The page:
Acts 2:44-45:

And all those who had believed were together and had all things in common; and they began selling their property and possessions and were sharing them with all, as anyone might have need.

My question is about the bit in bold, above. Who were the all? Was it just the church or also non-believers in need?

It seems to be kept within the church, based on three texts:

  1. The "all" at the start of that quote is clearly referring to the church.
  2. Acts 4:32-37 also seems to be about sharing specifically within the church because, as above, it refers to things in common rather than given away.
  3. Acts 6:1 also seems to imply the sharing was specially within the church.

Is that correct? Or did the church, even then, also distribute to non-believers in need?

  • 1
    The greatest gift the nascent church in Jerusalem had to offer non-believers in need was healing, both spiritual and physical. A classic verse in this regard contains Peter's words to a man crippled from birth: "Then Peter said, 'Silver and gold have I none; but such as I have give I thee: In the name of Jesus Christ of Nazareth rise up and walk'" (Acts 3:6 KJV). I'm sure that church members did share their wealth with unbelievers, but their priority was, rightly, meeting each others' needs first. "Do good unto all men," Paul said, "but especially to the household of faith"(Galatians 6:10). Aug 28, 2014 at 0:05
  • @rhetorician: why should their priority be people inside the church? Giving to those outside is great for evangelism! Aug 28, 2014 at 4:53
  • It ain't either/or, man; it's both/and. Our brothers and sisters in Christ are family, and family comes first. Does that mean God doesn't care about non-family members? Of course not! God is no respecter of persons, and one of the best ways for Christians to evangelize is to earn the right to be heard, especially through good deeds, good examples, and sacrificial love. How is a baby in Christ going to learn how to earn the right to be heard? By being discipled by older, gifted, and more-mature family members within the church. The main verb in the Great Commission is "making disciples." Aug 28, 2014 at 5:51
  • As important as preaching is in reaching the lost for Christ (through the demonstration of God's love AND the proclamation of God's love), discipling is also important. The local churches in which converts are discipled within the welcoming, accepting, and loving atmosphere of a family-type community are in the best position to be used of God to reach out to "non-family members" as ambassadors for the foreign policy of the kingdom of God and of our Lord Jesus Christ. Don Aug 28, 2014 at 6:00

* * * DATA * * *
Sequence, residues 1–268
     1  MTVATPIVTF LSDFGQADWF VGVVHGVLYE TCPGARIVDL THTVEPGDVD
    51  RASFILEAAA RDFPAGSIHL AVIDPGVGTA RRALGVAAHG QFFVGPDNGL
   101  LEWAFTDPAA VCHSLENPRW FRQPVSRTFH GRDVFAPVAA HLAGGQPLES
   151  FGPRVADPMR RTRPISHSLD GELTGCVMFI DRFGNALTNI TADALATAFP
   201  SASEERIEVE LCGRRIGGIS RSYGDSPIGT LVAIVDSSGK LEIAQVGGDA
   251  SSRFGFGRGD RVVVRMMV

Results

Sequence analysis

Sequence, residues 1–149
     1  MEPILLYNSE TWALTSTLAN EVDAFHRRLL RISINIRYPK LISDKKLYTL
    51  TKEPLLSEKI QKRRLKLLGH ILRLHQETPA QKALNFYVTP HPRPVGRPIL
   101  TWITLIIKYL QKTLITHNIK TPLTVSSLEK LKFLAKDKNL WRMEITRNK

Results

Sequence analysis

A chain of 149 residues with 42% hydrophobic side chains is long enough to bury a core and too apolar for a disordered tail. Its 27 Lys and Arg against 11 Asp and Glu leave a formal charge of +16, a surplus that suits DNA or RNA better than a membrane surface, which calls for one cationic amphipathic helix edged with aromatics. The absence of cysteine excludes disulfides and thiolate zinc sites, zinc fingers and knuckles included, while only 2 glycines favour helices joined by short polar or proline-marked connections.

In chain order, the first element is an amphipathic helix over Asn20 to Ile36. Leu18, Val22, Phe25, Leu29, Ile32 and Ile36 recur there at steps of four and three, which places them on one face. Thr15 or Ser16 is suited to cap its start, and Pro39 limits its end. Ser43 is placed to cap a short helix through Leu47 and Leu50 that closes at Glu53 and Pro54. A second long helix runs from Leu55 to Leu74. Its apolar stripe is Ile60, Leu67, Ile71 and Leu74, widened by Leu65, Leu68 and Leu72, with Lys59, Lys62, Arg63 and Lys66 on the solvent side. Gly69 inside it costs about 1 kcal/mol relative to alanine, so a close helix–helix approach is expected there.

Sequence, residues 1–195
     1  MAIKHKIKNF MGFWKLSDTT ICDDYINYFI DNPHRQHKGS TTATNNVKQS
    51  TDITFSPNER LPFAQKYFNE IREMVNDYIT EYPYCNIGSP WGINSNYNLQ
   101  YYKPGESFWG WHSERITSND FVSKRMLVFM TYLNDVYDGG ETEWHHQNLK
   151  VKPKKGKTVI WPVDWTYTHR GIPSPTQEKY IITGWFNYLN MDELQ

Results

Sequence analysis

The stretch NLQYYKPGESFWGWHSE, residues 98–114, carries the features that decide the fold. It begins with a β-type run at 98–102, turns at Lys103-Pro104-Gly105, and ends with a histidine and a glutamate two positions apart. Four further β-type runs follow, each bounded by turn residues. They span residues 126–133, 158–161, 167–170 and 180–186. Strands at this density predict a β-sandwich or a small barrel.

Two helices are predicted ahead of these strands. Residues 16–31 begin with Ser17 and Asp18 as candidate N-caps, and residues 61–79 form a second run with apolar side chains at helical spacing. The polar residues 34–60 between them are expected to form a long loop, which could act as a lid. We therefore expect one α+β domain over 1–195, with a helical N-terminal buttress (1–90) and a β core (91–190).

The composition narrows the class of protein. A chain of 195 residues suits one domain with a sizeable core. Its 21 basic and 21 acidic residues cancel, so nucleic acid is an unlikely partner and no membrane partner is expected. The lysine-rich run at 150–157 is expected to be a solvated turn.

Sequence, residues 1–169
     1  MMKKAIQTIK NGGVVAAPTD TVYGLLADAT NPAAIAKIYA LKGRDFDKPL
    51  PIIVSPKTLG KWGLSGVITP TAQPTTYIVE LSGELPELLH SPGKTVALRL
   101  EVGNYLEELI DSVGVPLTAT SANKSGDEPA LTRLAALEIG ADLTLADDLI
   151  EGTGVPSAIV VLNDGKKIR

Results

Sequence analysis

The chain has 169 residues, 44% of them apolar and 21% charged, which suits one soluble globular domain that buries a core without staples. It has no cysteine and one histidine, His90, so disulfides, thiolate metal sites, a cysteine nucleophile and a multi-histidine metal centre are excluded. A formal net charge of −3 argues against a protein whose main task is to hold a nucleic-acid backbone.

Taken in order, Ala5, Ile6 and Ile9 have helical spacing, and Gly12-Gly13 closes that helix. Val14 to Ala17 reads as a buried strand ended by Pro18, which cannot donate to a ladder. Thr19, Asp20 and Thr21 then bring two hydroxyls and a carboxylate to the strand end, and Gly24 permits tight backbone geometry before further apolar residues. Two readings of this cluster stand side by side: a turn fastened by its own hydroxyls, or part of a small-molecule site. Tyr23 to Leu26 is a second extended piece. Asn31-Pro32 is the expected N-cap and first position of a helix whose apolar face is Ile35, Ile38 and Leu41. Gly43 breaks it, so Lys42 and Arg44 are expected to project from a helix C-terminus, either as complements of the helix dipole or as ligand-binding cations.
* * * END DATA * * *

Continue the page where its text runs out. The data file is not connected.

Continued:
1 Answer 1


The book of Acts is a historical description of the formation of the church (called out assembly (ἐκκλησία)), who were mostly Gentiles, but were also Jews who were convicted and believed, like those in the day of Pentecost. The book of Acts describes how the church demonstrated their coping with the persecution and perseverance in the newly found faith. The words in English "to all" are actually one in the Greek (πᾶσιν), which is the dative masculine plural, which technically means that it was given to all men. Contextually, there is no indication that anyone referred to in the paragraph was an unbeliever, but rather believers who were in the close fellowship described in verse 46.

  • Side note:
    While Christians ought to bless those outside of the church, we are called to do so especially unto those of the faith (Galatians 6:10).

In those days, the church was being established and therefore, the practice would have been for those who were added unto the church by the Lord. Contextually, it will be describing how the 3000 souls were added and how they (v.42)"continued steadfastly in the apostles’ doctrine and fellowship, and in breaking of bread, and in prayers. (V.43) And fear came upon every soul: and many wonders and signs were done by the apostles."

  • Conclusion: So, since there is no further mention of how that act would have affected the unbelievers who received anything from these believers, we can safely conclude that the comments are to describe the methodology the church members used to deal with the needs of that time; and therefore believers are those who received/shared goods among themselves, as any of the believers representing their families had need.

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